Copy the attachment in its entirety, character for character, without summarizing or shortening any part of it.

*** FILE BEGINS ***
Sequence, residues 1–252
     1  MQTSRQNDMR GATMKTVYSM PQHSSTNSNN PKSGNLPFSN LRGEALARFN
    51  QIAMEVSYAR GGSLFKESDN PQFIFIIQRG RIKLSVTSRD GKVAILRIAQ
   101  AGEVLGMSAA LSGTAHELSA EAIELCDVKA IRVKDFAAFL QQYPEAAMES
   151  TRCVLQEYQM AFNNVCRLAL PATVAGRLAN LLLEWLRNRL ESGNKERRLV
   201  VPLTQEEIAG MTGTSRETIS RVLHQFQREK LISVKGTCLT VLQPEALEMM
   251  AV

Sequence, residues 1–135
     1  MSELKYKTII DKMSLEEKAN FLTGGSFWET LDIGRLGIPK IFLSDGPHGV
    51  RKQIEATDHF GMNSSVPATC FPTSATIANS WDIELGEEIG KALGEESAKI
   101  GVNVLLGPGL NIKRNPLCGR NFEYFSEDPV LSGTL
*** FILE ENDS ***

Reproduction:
Sequence, residues 1–252
     1  MQTSRQNDMR GATMKTVYSM PQHSSTNSNN PKSGNLPFSN LRGEALARFN
    51  QIAMEVSYAR GGSLFKESDN PQFIFIIQRG RIKLSVTSRD GKVAILRIAQ
   101  AGEVLGMSAA LSGTAHELSA EAIELCDVKA IRVKDFAAFL QQYPEAAMES
   151  TRCVLQEYQM AFNNVCRLAL PATVAGRLAN LLLEWLRNRL ESGNKERRLV
   201  VPLTQEEIAG MTGTSRETIS RVLHQFQREK LISVKGTCLT VLQPEALEMM
   251  AV

Sequence, residues 1–135
     1  MSELKYKTII DKMSLEEKAN FLTGGSFWET LDIGRLGIPK IFLSDGPHGV
    51  RKQIEATDHF GMNSSVPATC FPTSATIANS WDIELGEEIG KALGEESAKI
   101  GVNVLLGPGL NIKRNPLCGR NFEYFSEDPV LSGTL